Motivated by these biological observations, we recently assessed (Méléard et al., 2019) the possibility of obtaining, over time, such two phases of life. This was achieved through the design and implementation of an asexual and haploid age-structured population mathematical model. We constrained the evolutive trajectory of ageing (within this model) through the Lansing effect– a transgenerational effect impacting longevity. Smurf individuals carry the propensity to demonstrate this effect. The Lansing effect is a transgenerational phenomenon, first described by Albert Lansing in the late 1940s, whereby the “progeny of old parents do not live as long as those of young parents” (Lansing, 1954, 1947). This was first observed in rotifers. More recently, it has been shown that older drosophila females, and to some extent males tend to produce shorter lived offspring (Priest et al., 2002). Older zebra finch males give birth to offspring with shorter telomere lengths and reduced lifespans (Noguera et al., 2018). In humans, “older father’s children have lower evolutionary fitness across four centuries and in four populations” (Arslan et al., 2017). Despite the absence of consensus regarding any underlying mechanism, the Lansing effect is broadly conserved and therefore relevant (Monaghan et al., 2020). We observed, through this Lansing-positive model, that the ageing phase overlaps with the pre-ageing phase in evolutionary time.

Here, we decided to generalize this model to any system able to reproduce and maintain homeostasis, without the necessary constraint of the Lansing effect, and in hopes of understanding how such a two-phase ageing process might have evolved. We thus show the following:

  1. Through time, the end of the healthy phase and the beginning of the senescent phase converge even in the absence of a transgenerational effect (the Lansing effect).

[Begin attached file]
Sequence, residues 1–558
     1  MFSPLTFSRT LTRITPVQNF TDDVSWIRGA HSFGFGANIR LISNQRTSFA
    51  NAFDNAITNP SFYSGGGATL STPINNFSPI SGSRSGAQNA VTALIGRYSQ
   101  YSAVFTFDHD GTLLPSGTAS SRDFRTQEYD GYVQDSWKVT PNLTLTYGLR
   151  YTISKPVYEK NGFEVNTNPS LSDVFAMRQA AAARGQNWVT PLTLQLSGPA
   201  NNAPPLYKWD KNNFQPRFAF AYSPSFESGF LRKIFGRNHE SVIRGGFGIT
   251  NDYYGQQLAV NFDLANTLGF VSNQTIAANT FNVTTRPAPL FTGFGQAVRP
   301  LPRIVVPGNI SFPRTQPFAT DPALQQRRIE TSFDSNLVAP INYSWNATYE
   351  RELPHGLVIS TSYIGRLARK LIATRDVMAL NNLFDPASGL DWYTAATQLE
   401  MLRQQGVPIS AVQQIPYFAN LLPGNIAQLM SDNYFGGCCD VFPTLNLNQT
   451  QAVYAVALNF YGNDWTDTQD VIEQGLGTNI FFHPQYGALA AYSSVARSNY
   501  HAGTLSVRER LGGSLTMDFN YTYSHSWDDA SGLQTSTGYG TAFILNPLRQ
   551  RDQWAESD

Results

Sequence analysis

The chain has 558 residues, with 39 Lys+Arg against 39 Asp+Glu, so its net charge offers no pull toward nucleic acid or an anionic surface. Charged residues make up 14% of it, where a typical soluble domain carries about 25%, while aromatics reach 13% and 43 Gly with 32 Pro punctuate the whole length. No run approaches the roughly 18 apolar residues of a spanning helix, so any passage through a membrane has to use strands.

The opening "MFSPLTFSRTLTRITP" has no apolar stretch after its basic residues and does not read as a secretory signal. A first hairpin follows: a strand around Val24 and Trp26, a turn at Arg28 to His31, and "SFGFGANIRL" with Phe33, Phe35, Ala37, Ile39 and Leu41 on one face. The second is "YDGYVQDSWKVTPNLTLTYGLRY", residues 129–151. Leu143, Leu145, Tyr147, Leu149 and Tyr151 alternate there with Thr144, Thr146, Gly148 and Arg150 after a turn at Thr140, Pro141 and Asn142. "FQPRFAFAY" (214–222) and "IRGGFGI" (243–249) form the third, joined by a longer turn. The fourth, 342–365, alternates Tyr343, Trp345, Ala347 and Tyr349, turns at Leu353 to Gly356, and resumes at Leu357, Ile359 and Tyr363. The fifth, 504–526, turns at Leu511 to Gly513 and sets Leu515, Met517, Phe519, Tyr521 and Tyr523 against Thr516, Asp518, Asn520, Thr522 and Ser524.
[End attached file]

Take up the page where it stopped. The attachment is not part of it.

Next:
2. With an equal Malthusian parameter at t0, Lansing populations are more successful than non-Lansing populations, suggesting that the individual loss of fitness is compensated at the population level.

  3. Ageing (or senescence-carrying) populations are more evolvable than non-ageing populations. We theorize this is because ageing populations are quicker to explore genotypic space.

This is all to suggest that ageing is, as a function, decreasing both reproductive and homeostatic capabilities of an organism, both an attractor configuration and an adaptive force of evolution, in opposition to what is most commonly assumed.


Evolution drives the convergence of fertility’s end with the onset of mortality risks

The model (called bd model) and its population dynamics follows those described in (Méléard et al., 2019). Briefly, the model delineates an asexual and haploid population, structured by a life-history trait that is defined by a pair of parameters - genes - (xb, xd) where xb defines the fertility span and xd, the age at which the mortality risk becomes non-null. Here, we generalized the model to any intensities of birth and death denoted (ib, id) as well as to populations without Lansing effect (Figure 1, see also Annex 1). The selective pressure is enforced by a logistic competition c mimicking a maximum carrying capacity of the environment, thus no explicit adaptive value is given to any particular trait. Additionally, for each reproduction event, a mutation (h) of probability p can affect both genes xb and xd independently, following a Gaussian distribution centered on the parental trait. In Figure 1, the different cases are explored, depending on the respective values of xb and xd. Individuals in the Figure 1b-c configuration (for xb ≤ xd) will always give progeny with a genotype (xb, xd) ∓ (hb and/or hd). The evolutionary outcome of individuals carrying a genotype with xd < xb (Figure 1a) is slightly more nuanced and depends on the parental age a and whether the parent carries the possibility for a Lansing effect or not (Figure 1d-f). If a < xd, or if the parent does not carry a Lansing effect, the genotype of the progeny will be as previously described. But if a > xd, and if the parent carries the Lansing effect, the progeny then inherits a dramatically reduced xd (here xd is set to 0), mimicking a strong Lansing effect.